So, whatever the official definition, does the “nutrivore” argument carry weight and is it a diet we should all be on? For Madeline, the answer is yes. “Whichever way you take the definition, a nutrient-rich diet is absolutely something we could all benefit from.”
“Making sure we eat foods that are rich in nutrients is the best way to try and ensure that our bodies are able to do their best. Every cellular process in our body needs nutrients – vitamins, minerals, amino acids, etc.
“That’s not to say we can’t enjoy empty calories, but stay in moderation. Essentially, keeping a nutritionally balanced diet is the best advice for everyone. “
While we had Madeline’s attention, we wanted to hear her take on the whole “humans aren’t meant to eat meat” debate.
“Humans, as a biochemical rule, are designed to be omnivorous. “
“Our nutritional needs dictate that we eat a combination of foods of plant and animal origin to ensure that we are getting the proper nutrition to ensure a healthy and functioning body. There are several nutrients, such as vitamin B12, creatine, carnosine, vitamin D3, DHA, heme iron, and taurine, which are only found in animal products.
“These are essential nutrients, so for those who choose to go vegan, they must be supplemented.”
“That said, there is a small percentage of the population who do better not to have animal products in their diet. Many more benefit more from being vegetarians or pescatarians, which means they still have animal products, but no red meat. Most people eat better from a combination of different sources of animal products (red meat, chicken, fish, eggs, etc.).
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As Ryan puts it in her post, it can be unwise to just follow social media for all of your nutritional information, so we asked Madeline the question, “How should we go about choosing a new diet for ourselves?” “. She says, “If you’re interested in trying to adapt a new way of eating and want to make sure it’s a good option, definitely talk to a health professional trained in nutrition. Social media is a great way to get new ideas, but be very specific about where you get your information because literally anyone can post “nutrition” information.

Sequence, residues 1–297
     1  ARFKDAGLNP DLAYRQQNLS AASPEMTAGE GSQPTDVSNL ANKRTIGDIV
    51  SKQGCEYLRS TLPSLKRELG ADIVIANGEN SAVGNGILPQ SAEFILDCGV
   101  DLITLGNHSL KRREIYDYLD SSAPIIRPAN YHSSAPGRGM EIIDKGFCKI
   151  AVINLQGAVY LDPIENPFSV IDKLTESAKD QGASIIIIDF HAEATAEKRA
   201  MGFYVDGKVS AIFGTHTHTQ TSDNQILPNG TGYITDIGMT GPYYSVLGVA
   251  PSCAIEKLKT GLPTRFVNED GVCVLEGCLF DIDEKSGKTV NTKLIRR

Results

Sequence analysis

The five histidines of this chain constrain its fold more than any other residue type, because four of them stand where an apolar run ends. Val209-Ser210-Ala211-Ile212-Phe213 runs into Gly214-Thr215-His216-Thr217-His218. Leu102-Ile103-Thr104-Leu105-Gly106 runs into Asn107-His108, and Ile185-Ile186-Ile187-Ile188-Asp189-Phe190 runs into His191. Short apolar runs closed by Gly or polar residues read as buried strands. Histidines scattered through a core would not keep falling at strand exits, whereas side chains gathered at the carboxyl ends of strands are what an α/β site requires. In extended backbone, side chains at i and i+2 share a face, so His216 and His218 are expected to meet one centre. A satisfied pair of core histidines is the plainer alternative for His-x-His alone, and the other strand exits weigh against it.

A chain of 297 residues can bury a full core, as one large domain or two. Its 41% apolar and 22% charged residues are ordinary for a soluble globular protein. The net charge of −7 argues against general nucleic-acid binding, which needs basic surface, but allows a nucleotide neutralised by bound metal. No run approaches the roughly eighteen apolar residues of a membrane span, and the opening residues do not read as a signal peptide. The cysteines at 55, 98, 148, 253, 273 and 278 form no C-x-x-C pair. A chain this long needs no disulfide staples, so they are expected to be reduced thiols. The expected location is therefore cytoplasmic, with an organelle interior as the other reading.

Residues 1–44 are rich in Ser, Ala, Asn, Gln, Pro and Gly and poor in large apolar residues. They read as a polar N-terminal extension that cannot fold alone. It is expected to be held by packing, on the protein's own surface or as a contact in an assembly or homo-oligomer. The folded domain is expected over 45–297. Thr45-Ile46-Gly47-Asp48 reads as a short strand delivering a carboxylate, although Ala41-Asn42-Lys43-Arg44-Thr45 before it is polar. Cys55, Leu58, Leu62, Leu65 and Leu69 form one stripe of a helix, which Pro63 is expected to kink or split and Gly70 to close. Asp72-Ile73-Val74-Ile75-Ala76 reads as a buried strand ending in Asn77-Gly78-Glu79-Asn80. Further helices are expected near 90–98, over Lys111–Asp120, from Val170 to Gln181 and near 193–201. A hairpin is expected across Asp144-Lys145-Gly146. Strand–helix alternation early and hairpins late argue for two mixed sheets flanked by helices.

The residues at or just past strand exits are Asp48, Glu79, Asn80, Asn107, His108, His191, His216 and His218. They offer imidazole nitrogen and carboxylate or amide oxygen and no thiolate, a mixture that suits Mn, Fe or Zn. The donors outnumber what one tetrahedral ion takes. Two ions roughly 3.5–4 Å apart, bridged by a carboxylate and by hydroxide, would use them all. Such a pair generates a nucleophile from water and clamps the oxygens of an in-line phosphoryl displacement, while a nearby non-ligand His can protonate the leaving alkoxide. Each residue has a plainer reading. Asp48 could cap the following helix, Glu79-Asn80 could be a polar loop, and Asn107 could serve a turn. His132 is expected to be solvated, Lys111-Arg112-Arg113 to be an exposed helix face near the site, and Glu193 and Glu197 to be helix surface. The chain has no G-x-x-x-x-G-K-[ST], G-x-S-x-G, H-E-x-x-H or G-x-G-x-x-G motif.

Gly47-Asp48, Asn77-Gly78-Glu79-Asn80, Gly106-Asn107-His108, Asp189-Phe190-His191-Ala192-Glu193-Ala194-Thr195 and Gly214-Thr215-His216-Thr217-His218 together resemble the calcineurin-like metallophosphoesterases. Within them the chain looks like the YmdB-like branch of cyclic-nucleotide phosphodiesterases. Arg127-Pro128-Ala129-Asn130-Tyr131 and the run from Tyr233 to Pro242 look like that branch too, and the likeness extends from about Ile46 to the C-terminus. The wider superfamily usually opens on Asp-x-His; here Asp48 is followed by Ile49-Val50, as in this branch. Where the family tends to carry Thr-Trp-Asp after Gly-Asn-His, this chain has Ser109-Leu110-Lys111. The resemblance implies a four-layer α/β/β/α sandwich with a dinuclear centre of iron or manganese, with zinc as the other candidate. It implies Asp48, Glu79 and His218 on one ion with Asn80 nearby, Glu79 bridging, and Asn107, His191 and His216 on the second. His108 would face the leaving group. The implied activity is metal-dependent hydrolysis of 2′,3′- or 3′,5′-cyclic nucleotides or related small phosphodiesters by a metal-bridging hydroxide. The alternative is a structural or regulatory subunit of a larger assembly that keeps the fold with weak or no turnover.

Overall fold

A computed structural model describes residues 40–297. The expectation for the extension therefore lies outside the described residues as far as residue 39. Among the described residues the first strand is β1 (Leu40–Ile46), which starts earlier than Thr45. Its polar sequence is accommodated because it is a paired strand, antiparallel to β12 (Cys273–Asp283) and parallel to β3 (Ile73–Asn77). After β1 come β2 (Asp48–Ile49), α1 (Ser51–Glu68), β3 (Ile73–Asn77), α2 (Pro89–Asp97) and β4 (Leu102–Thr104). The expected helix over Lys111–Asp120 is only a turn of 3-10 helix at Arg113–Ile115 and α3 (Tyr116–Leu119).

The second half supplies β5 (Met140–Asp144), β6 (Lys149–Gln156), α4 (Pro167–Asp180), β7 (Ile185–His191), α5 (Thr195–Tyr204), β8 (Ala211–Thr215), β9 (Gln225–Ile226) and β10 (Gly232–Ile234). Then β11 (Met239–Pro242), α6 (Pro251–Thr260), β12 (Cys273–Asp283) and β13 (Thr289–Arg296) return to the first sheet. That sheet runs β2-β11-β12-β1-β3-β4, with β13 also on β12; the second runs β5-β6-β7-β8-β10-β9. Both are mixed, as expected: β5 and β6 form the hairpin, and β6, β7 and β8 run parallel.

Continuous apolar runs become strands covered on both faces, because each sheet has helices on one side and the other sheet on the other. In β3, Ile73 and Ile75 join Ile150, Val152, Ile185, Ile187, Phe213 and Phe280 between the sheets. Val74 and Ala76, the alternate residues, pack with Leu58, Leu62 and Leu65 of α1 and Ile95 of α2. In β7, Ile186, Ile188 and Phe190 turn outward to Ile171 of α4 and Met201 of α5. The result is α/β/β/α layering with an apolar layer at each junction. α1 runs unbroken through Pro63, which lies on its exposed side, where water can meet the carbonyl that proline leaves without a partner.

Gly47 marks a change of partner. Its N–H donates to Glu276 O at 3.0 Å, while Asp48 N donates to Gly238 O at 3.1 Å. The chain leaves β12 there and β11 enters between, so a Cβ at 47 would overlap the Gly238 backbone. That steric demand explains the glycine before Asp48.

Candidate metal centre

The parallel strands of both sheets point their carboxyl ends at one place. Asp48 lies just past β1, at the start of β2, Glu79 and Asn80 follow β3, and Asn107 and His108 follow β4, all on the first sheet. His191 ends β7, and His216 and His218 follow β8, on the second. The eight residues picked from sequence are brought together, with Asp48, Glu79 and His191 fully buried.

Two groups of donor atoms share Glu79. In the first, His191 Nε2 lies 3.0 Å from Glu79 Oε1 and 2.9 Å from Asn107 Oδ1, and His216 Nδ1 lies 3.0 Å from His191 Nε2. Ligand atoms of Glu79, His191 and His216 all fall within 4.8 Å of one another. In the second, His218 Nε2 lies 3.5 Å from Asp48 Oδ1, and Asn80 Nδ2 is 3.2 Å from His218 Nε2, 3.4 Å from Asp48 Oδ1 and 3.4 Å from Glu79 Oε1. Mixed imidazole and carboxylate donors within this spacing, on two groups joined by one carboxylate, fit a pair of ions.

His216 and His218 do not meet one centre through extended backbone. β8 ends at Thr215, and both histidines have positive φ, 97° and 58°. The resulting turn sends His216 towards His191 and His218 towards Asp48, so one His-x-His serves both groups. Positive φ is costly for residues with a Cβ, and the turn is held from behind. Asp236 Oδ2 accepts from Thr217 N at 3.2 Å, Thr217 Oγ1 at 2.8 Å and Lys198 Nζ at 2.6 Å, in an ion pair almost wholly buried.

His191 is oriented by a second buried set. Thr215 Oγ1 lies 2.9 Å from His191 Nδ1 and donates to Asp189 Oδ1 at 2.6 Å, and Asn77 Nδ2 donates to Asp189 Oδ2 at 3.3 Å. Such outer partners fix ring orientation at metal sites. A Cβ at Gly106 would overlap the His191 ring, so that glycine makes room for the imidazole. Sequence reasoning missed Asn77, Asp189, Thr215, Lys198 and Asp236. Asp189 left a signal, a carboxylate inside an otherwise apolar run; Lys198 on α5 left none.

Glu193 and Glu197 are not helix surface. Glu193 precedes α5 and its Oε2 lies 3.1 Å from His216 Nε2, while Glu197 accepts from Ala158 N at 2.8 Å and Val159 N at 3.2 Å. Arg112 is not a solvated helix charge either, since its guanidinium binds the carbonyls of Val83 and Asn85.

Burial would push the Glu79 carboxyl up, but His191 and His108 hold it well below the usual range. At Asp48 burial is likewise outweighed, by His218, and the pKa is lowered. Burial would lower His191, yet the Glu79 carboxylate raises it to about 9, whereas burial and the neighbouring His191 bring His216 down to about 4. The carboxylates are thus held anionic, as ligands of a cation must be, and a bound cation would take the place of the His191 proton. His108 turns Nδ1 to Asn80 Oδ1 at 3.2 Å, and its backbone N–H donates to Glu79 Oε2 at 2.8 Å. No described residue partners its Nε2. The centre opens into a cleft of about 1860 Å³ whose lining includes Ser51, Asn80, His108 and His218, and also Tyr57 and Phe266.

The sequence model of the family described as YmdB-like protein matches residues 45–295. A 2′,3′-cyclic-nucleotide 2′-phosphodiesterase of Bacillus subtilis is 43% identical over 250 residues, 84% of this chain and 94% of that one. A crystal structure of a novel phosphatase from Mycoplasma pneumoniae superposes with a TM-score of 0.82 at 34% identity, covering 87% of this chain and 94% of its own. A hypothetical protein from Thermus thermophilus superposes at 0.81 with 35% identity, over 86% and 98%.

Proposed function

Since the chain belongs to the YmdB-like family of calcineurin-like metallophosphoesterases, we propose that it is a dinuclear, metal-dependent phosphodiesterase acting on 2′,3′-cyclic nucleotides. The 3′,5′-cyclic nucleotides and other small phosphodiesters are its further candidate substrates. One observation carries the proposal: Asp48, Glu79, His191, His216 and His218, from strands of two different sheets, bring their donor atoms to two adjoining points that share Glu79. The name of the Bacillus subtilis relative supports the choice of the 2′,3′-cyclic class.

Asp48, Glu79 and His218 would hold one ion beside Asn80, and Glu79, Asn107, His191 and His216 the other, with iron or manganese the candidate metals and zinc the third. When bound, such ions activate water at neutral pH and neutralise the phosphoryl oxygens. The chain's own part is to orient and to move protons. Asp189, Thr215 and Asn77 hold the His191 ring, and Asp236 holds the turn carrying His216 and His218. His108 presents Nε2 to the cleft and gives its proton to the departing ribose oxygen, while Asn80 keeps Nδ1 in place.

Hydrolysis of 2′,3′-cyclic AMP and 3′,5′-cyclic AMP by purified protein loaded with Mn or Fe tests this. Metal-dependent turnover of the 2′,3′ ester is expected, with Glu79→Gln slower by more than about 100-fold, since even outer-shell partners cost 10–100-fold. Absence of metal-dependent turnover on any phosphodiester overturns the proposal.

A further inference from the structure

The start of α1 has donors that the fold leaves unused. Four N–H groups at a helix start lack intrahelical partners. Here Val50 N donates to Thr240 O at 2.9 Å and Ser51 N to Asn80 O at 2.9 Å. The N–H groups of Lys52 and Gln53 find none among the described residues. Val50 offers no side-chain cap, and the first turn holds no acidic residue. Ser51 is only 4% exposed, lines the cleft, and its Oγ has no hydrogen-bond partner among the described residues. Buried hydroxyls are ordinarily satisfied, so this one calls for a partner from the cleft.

“Be sure to verify the credentials of your sources as well as the origin of those credentials. Likewise, with regards to Dr Google, it is important to understand that there is no limitation on the information that can be placed on the Internet. Google doesn’t sit down and check what gets posted, so it’s wise not to just assume that everything that shows up in your Google search is factual.
“The other important thing to consider is how you feel when you eat a certain way. If you feel better eating only seafood and not red meat, then do it. If you really want to be a vegan for ethical reasons but your body doesn’t agree, don’t force it. Instead, make ethical choices about where you get your food.
“If there’s one term I would really like to see become not just an industry-wide term, but a global term, it’s INTUITIVE FEEDING. Literally follow your instincts.
“What works for your best friend may not work for you, and if there’s one thing I’ve seen over the year, it’s you can’t force your body to be something. that he doesn’t want. “